September 18, 2016 3:47:01 am
PROTESTS ERUPTED in Srinagar on Saturday after the body of an 11-year-old-boy, hit by pellets, was found. The boy, Nasir Shafi Qazi, a Class VII student, was reported to have gone missing after protests on Friday evening. When contacted, DGP, Law and Order, S P Vaid told The Sunday Express, “He has been hit by pellets… IGP (Kashmir) is looking into it. He will let you know in some time.”
Nasir’s body was found near a stream at the Dachigam National Park on Friday night, near his home in Harwan. “His right arm was broken and there were around 400 pellets in his body,” alleged his father, Mohammad Shafi Qazi. “There were torture marks on his body and some of his hair had been pulled out”.
According to reports, there were protests in Harwan after the Friday prayers. “There was stone-throwing in the area. At around 5 pm, a police vehicle rushed towards us. Some of us ran towards Dachigam,” said an 18-year-old who took part in the protests.
“We ran inside the park, and found some policemen there. We ran in different directions. I climbed a tree. An officer told the policemen to arrest all of us. Five policemen moved towards Nasir and fired pellets. They later returned without him. I thought he had escaped. After some time, I climbed down from the tree and went home. Then I came to know that Nasir had not reached home,” he said.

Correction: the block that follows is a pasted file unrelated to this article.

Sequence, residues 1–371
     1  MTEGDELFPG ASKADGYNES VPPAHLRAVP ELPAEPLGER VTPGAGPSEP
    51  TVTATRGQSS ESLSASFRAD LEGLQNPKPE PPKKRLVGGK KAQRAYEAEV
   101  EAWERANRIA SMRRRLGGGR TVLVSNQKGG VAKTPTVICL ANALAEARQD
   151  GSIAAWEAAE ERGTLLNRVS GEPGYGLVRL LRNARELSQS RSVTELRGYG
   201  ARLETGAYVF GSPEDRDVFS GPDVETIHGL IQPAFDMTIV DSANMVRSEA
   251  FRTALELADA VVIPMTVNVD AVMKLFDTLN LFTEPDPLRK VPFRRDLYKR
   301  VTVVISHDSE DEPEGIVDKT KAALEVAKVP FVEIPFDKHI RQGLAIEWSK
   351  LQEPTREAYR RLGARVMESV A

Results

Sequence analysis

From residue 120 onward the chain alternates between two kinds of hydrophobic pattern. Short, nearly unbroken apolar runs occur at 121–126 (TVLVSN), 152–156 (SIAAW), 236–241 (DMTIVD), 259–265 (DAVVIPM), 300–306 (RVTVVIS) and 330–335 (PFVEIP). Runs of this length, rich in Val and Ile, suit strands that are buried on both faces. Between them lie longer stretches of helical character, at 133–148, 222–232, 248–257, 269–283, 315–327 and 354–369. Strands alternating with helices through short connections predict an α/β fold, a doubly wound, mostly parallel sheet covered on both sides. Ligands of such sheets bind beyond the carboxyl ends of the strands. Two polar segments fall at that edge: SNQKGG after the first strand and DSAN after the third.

In the evening, an announcement was made from the local mosque that Nasir was missing. Many of the residents then organised search parties. The death sparked protests in Harwan and the surrounding areas on Saturday. Even as police imposed a curfew in the area, thousands of people participated in Nasir’s funeral. After the funeral, several people were injured in clashes with security forces.
With the latest death, the toll since July 8 has risen to 84. Meanwhile, over 80 people were injured in clashes in different parts of Kashmir on Saturday.
📣 The Indian Express is now on Telegram. Click here to join our channel (@indianexpress) and stay updated with the latest headlines
- The Indian Express website has been rated GREEN for its credibility and trustworthiness by Newsguard, a global service that rates news sources for their journalistic standards.